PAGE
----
After attending numerous social media networking events such as the 140 conference, and now Podcamp (and soon to attend FutureM), I can officially claim my “nerd status” without rebuttal. Although, I was only able to attend the 2nd half of this weekend’s PodCamp conference (can you blame me for wanting to run the Susan G. Komen 5K on Saturday as well?) — it was well worth the commute over the bridge to lovely Cambridge.

I joined my good friend, Sean Zinsmeister as we hopped from David Wells (Social Media for Social Good) to Paul Gillin (B2B Social Media – Really!) to Morriss Partee (Geolocation) to Chrisopher Penn (Podcasting 101: 5 years later) to Lane Sutton and Avrom Honig (Twitter, Facebook, Foursquare — It’s Taking Over Our Lives).

I definitely enjoyed David’s talk as I’ve worked for a local nonprofit (Commonwealth Shakespeare Company) for about 2 years, where I also utilized social media platforms in order to spread the word n’ do some “social good” for a non-profit that has given such cultural enrichment to the community of Boston.

Paul was more than informative on how B2B’s can and should be using social media platforms to their benefit. Having worked for a digital agency in Boston I realize that utilizing social media platforms is not just a good idea, but imperative.

Morriss hit a hot topic with geolocation. Although I am not a big fan of letting people know where I am via Foursquare and other geo apps, I realize the impact these apps are having on businesses. If a business utilizes an app like Foursquare or Gowalla in a way that consumers are pumped to participate and use it, then it can reap great rewards for that business.

Chris, entertaining as always, kept the audience laughing and intrigued by the different tools that podcasters have at their disposal for delivering their content to their audience. Who knew it could be so easy?

Last but not least Lane and Avrom were the perfect duo — they created quite a discussion regarding privacy and young social media users. How will the new generation of teens impact social media in the future? Guess we’ll have to wait for Lane and his fellow teens to show us.

After a jam-packed day — I am looking forward to seeing these speakers and those I missed again at a future conference. Until then — I salute my fellow social media nerds that I am not only impressed with the work and involvement of each person at these conferences, but look forward to see what develops next…


I know I haven’t blogged in a while…I could say it’s because I’ve been too busy working for a kickass marketing firm downtown, or that I’m having too much fun with friends and enjoying summer, or “fill in the blank” excuse. But, while I’ve been away from blogging I’ve attended a couple networking events here in Boston. Last week I attended the Mashable Meetup at the Landsdowne Pub, who my new friend Kristen Haley set up for us eager young networkers. What I found most interesting, was not the cool young marketing folks I met, but the different reasons people appeared to be the Pub on a lovely Wednesday evening…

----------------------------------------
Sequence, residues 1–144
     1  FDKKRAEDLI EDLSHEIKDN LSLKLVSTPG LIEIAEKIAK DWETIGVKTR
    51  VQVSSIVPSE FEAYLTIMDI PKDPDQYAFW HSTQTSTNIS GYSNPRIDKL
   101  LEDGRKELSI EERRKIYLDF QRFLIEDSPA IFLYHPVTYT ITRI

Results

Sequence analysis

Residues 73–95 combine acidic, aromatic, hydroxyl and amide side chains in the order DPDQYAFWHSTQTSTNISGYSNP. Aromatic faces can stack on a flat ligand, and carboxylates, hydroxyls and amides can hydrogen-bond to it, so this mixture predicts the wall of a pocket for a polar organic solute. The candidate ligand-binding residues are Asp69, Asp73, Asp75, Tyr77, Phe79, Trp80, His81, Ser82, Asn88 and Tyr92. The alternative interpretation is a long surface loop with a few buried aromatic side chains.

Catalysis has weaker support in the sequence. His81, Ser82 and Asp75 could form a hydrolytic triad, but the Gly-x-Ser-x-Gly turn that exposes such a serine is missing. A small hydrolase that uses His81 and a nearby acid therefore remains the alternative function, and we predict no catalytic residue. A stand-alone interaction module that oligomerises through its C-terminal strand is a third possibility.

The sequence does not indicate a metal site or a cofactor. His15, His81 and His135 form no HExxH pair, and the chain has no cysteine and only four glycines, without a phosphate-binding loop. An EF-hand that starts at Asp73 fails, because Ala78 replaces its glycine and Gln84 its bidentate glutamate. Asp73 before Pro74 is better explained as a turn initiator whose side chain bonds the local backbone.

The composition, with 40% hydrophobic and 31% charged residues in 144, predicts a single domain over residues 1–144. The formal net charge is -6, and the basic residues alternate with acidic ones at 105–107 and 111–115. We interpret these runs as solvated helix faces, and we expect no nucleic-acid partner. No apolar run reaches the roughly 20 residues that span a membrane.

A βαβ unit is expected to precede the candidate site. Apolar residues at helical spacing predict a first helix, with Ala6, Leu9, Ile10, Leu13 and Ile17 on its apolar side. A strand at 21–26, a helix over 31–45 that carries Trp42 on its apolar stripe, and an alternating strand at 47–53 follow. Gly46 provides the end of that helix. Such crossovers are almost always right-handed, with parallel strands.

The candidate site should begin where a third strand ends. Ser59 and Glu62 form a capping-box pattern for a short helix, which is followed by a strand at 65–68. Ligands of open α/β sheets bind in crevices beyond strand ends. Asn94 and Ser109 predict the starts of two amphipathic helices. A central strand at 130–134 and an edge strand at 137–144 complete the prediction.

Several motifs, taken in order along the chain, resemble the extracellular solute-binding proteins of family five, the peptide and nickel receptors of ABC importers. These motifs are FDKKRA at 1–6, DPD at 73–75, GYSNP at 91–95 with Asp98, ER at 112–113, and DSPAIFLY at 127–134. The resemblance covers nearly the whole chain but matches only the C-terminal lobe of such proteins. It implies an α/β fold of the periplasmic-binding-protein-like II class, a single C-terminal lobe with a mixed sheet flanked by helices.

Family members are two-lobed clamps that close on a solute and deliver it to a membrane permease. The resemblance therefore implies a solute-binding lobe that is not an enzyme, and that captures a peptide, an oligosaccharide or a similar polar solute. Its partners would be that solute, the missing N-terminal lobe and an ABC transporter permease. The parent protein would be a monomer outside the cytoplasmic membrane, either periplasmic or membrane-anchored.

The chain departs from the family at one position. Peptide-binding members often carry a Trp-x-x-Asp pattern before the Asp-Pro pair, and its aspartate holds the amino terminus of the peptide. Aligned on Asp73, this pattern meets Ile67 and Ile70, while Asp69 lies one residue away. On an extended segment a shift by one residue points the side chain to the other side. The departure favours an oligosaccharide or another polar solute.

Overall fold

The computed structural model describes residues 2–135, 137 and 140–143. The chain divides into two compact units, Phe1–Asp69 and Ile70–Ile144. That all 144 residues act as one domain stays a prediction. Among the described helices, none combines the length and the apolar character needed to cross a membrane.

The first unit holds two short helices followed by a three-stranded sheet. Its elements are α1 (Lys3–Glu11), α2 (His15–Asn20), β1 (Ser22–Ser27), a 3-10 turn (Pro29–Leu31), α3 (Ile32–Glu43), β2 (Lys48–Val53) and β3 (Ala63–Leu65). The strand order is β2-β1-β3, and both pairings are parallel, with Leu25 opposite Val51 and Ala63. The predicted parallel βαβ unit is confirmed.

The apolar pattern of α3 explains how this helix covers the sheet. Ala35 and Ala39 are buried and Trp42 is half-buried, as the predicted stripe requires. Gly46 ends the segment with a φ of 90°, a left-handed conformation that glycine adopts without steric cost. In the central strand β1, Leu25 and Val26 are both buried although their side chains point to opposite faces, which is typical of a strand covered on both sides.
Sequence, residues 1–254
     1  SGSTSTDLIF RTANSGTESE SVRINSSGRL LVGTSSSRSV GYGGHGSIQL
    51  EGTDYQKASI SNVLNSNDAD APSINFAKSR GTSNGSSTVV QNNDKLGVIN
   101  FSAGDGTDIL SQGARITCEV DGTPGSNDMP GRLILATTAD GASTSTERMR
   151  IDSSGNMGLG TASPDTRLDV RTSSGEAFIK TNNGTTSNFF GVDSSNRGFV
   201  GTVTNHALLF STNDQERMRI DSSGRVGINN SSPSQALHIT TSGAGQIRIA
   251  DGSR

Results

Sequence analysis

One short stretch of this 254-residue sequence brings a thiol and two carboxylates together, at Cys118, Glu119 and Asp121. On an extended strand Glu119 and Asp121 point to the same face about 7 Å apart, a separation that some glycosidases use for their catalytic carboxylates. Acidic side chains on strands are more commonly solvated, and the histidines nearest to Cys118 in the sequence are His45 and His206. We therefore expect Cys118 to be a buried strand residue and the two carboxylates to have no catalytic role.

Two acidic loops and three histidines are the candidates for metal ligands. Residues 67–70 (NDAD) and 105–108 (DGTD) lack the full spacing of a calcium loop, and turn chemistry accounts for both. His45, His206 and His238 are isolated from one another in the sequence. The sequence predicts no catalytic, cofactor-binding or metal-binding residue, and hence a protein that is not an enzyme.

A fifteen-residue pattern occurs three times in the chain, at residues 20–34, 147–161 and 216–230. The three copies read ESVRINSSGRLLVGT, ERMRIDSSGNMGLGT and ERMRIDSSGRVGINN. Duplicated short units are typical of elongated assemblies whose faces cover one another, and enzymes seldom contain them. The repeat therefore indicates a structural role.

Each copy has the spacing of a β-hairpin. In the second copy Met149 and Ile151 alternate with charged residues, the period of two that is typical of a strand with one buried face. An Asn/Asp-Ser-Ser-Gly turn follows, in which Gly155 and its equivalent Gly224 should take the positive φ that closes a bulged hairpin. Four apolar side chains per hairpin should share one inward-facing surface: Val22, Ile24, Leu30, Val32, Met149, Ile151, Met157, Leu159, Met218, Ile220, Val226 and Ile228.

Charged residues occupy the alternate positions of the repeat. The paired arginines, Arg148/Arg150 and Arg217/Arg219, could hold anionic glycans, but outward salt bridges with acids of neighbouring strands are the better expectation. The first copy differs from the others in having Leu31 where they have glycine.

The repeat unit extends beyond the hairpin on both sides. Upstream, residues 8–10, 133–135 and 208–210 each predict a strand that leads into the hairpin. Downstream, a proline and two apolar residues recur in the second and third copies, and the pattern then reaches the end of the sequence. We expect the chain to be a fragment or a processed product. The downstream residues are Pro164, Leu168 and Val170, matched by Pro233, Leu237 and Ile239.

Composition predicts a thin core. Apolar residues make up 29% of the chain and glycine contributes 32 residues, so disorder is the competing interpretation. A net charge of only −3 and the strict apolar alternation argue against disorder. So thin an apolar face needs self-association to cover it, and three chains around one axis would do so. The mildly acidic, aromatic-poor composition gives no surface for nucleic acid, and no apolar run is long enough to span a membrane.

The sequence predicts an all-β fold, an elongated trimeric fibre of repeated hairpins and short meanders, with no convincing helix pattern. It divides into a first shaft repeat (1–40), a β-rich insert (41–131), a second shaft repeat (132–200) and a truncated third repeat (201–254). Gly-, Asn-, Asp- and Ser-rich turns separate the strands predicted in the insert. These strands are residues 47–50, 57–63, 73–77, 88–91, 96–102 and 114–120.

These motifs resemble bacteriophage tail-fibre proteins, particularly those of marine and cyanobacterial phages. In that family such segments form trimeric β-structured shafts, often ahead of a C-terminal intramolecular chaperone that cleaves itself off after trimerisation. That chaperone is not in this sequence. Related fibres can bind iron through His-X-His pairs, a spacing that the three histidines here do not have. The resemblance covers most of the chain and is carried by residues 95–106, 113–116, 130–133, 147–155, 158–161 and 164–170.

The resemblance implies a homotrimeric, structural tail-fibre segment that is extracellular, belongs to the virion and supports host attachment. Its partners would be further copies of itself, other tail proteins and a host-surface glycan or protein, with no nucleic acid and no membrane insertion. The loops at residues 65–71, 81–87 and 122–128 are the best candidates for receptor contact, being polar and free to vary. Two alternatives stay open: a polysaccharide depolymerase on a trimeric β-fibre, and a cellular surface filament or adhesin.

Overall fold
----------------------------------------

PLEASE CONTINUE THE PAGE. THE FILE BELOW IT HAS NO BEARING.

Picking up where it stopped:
1. The guy or girl who actually wants to network

2. The guy or girl who is pretending to network but is actually hoping to “meet” someone

3. The guy or girl who is bored and has nothing better to do and is pumped about the free apps and drink tickets

4. The sleaze hoping to get laid

5. All of the above

Which one was I? I’ll let you be the judge on that one. But I will say, I definitely don’t mind the free food, meeting new people in the small marketing sphere of Boston, and you can’t beat the 30 guys to 5 girls ratio.

Maybe we should rename networking events…got an idea? Lets spread the word and until next time, I’ll be looking for the next interesting “networking” event to attend.

Can’t help but be intrigued by this project — who will be most influential? I hope it’s not some fluff person who wins due to having a bazillion fans/followers. I hope Fast Company keeps the respect they have earned from me by choosing a person who truly deserves such honor.

What’s even cooler? They get to be on the cover of November’s Issue. Kick ass.

The Spa Week Retreat which my friends @juliaroy and @clayhebert attended, gave a chance for social media pioneers, thinkers, and strategists to relax and aka #Signoff. Take a view at this video to get a glimpse at this kickass retreat that the rest of us missed out on….and hope to be a part of next time.

Do you subscribe to magazines the old-school snail mail way? Or do you get the digital version sent to you via email? I cannot help but still enjoy turning each glossy page filled with a ridiculous amount of advertisements…and then the other day I was trying to decide whether or not to subscribe to Fast Company. I paused when I was about to subscribe via snail mail thinking I can get all the cool articles right on the website and via email rather than having 50+ issues stacked up on my nightstand collecting dust, as they hope to be opened and taken on the T on my way to be work. It is a never ending battle for me as I do not see myself w/ an iPad (yet), so as for now I am becoming a fairly regular digital reader (thanks to Google Reader) but also enjoy my stack of magazines that I can just throw in my bag on the way to work, dinner, and/or on my future apartment balcony where I sit on my lounge chair taking in the short yet splendid Boston summer.